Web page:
Study shows how Pycnogenol works for osteoarthritis patients

Published: 18-Oct-2017

First evidence that polyphenols from Pycnogenol French maritime pine bark extract distribute into the synovial fluid of patients with osteoarthritis, supporting body of research benefits

According to the CDC, osteoarthritis is the most common joint disorder in the United States, affecting more than 30 million Americans.

A new peer-reviewed study shows that the polyphenols found in the French maritime pine park extract, Pycnogenol, are absorbed directly into joints, supporting the vast catalogue of research on Pycnogenol for osteoarthritis symptom relief.

Osteoarthritis is a chronic degenerative joint disease that can significantly limit joint mobility and cause discomfort for the individual; in severe cases, it can warrant the need for invasive surgeries such as knee arthroplasty, a procedure for total knee replacement.

Pycnogenol is a powerful super-antioxidant shown in decades of research to reduce inflammation in patients experiencing osteoarthritis symptoms.

The new study, published in the MDPI journal Nutrients, is the first to measure the polyphenol distribution of Pycnogenol in joint synovial fluid.

“This is the first evidence that polyphenols distribute into the synovial fluid of patients with osteoarthritis,” said renowned natural health physician Dr Fred Pescatore.

“Polyphenols are powerful antioxidants that have been associated with numerous benefits for human health. This is good news for patients suffering from osteoarthritis – and all of the patients in this study were preparing for knee arthroplasty,” said Pescatore.

The double-blind study examined 33 individuals diagnosed with severe osteoarthritis scheduled for knee arthroplasty.

Participants were supplemented with 200 mg of Pycnogenol daily during the course of 3 weeks leading up to the scheduled surgeries. Synovial fluid samples were collected during surgery to detect and measure the presence of polyphenols.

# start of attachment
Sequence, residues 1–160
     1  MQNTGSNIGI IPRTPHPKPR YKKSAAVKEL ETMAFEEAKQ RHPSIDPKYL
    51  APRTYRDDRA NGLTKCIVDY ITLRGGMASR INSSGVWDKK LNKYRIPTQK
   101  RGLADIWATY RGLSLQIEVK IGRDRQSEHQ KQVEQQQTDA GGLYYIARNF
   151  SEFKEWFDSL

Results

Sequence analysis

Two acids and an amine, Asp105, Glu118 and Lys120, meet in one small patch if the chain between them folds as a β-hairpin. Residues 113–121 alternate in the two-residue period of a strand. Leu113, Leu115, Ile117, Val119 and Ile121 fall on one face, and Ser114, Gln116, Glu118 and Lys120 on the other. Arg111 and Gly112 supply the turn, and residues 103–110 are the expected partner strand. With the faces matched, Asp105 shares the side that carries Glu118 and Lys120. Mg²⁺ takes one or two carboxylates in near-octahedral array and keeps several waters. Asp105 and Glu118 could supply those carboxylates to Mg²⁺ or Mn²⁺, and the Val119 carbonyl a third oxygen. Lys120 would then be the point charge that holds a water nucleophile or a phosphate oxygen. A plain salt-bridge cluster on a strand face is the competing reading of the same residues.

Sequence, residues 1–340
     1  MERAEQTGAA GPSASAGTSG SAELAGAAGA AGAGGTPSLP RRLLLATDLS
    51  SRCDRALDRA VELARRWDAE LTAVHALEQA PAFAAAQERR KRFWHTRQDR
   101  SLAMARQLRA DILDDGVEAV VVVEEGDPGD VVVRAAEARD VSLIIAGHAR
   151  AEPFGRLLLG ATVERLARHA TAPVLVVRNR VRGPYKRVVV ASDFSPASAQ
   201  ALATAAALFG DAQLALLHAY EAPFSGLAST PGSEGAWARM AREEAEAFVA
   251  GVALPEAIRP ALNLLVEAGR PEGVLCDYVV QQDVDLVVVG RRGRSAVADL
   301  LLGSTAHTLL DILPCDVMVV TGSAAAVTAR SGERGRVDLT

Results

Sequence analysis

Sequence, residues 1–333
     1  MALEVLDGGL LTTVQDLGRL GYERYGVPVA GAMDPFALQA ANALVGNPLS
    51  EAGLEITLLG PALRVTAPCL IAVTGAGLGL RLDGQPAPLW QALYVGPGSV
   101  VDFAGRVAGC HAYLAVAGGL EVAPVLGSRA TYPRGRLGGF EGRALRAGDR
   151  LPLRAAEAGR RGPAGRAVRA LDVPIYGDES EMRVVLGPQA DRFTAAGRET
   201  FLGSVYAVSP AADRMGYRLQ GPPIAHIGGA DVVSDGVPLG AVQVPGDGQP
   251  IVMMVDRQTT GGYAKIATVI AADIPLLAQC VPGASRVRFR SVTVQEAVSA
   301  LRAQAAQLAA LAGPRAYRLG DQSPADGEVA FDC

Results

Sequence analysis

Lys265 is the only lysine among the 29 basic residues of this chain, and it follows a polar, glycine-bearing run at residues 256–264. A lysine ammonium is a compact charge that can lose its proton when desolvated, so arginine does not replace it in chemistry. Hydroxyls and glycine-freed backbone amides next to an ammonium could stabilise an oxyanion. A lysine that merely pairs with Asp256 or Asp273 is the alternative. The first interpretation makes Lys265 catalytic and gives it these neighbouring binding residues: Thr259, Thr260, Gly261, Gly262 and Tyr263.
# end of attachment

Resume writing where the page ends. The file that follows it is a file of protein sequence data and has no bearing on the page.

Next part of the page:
Results from the synovial fluid samples show that the polyphenols found in Pycnogenol, including taxifolin, ferulic acid and catechin, were distributed throughout the synovial fluid in the Pycnogenol-tested group. Taxifolin and ferulic acid were not detected in control group serum samples.

This new study supports previous research examining Pycnogenol’s versatile benefits for joint health and proves that polyphenols are distributed into joints.

A 2008 study demonstrated Pycnogenol’s benefits for alleviating inflammation in joints by reducing inflammatory mediators COX-2 and 5-LOX effectively alleviating joint discomfort.

This super-antioxidant is shown to naturally reduce C-Reactive Protein (CRP) levels and acts as a natural nuclear factor-kappa B inhibitor to reduce inflammation at the on-set and manage swelling and oxidative stress that are associated with osteoarthritis.

Previous research published in the Journal of Phytotherpy Research in 2008 also indicates that supplementing daily with Pycnogenol reduces overall knee osteoarthritis symptoms by 20.9%. Pycnogenol is shown to naturally stimulate new production of hyaluronic acid and collagen in joints to improve joint comfort.

“Absorption by the body is key to realising the benefits from natural supplements. This research shows that Pycnogenol is readily absorbed into the bloodstream and these nutrients can reach areas of need,” said Pescatore.

To review clinical research and additional information on Pycnogenol, visit

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